Paul Jacob

Somewhere a career politician is scheming...

But at least there are four career politicians in California whose schemes are coming to an end. They wanted to get term limits, but term limits got them. They wanted to ride forever on the gravy train, but the ride is over.

The politicians have run out of tricks and term limits are there to stay in our nation's most populous state. In his recent column in The Los Angeles Times, Eric Bailey wrote the swan song for Democratic senators John Burton, Byron Sher and John Vasconcellos and Republican Senator Ross Johnson with the heading, "Term limits are forcing the Legislature's four big veterans to end their careers."

Mind you, these four aren't alone. Another five senators and 18 members of the Assembly are also termed out. But they apparently aren't the "big four."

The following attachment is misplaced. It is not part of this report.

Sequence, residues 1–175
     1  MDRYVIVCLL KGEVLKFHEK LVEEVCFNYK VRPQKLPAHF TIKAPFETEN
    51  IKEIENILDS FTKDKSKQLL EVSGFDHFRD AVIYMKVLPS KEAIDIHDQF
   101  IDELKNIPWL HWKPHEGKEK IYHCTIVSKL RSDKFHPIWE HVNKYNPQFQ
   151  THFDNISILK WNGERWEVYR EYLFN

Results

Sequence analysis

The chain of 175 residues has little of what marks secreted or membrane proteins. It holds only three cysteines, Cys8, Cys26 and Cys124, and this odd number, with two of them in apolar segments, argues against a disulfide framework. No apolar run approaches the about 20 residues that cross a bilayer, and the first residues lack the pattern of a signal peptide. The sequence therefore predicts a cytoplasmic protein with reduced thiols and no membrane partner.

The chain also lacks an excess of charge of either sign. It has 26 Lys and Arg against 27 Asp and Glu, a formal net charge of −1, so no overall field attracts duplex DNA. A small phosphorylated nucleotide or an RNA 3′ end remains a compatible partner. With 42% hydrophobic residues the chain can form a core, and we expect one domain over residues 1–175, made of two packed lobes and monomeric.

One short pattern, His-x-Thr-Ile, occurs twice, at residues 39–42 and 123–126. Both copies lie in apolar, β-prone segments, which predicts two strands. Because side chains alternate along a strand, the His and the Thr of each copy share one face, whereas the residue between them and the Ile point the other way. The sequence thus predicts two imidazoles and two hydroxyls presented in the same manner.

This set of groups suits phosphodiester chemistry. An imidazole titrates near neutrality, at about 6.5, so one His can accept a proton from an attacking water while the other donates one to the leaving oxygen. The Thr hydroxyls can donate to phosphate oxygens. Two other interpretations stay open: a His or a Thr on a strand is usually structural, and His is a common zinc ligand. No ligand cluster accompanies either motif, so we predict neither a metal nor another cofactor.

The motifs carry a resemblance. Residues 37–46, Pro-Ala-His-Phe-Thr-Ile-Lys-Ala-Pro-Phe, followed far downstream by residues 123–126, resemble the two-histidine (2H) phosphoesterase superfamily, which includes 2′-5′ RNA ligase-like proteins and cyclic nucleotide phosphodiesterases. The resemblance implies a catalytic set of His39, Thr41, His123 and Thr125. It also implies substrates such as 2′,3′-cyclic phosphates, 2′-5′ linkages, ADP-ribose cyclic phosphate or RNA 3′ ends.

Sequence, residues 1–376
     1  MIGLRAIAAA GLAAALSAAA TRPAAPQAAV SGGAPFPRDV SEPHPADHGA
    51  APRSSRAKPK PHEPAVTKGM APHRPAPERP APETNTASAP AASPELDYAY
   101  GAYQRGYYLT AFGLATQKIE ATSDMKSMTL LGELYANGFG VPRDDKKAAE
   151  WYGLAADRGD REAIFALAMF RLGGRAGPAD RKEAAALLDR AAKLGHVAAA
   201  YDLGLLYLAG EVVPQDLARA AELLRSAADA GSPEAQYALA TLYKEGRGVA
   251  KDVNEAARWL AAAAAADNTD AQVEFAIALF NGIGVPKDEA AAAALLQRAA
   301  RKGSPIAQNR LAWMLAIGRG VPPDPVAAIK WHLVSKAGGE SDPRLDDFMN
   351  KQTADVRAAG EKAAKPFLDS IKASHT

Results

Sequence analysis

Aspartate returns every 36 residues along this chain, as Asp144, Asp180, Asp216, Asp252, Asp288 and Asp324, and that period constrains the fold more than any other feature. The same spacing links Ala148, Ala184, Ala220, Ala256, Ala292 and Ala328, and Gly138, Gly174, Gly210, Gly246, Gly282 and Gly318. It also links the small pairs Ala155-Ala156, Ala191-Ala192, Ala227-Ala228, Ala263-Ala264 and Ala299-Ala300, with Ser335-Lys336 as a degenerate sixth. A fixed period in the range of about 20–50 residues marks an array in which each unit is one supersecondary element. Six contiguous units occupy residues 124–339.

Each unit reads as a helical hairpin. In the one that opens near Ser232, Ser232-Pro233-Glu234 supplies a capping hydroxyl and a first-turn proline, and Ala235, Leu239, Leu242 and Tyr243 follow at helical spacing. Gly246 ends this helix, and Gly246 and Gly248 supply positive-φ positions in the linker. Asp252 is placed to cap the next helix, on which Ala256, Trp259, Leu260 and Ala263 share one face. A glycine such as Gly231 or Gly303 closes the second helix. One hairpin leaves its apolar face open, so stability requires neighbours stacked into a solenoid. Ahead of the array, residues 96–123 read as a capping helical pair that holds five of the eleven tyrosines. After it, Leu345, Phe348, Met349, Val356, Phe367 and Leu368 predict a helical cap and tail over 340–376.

"There is no doubt that the law, which restricts senators to a pair of four-year terms and Assembly members to a trio of two-year stints, produced a statehouse more diverse in gender, ethnicity and professional background," Bailey admits. But he counters that there is a sense in the capitol "that something important will be lost with the looming exodus of the four big veterans."

What precisely will be lost, Mr. Bailey doesn't tell us. But perhaps we can gain appreciation for the loss by examining their careers and what they have meant to California governance. Though together these four big wheels total over a hundred years of experience, as the odometer turns what one notices is the string of zeros.

Senator John Burton will leave after spending nearly all of the last 40 years in politics. He served in the Assembly for 16 years and in Congress for eight years before he stepped down, admitting (according to Douglas Foster with San Francisco Magazine) "that he was addicted to alcohol, tranquilizers, nitrous oxide, and cocaine."

After treatment, Burton returned to the California Senate, where he remains president until the end of the year.


Paul Jacob

Paul Jacob is President of Citizens in Charge Foundation and Citizens in Charge. His daily Common Sense commentary appears on the Web and via e-mail.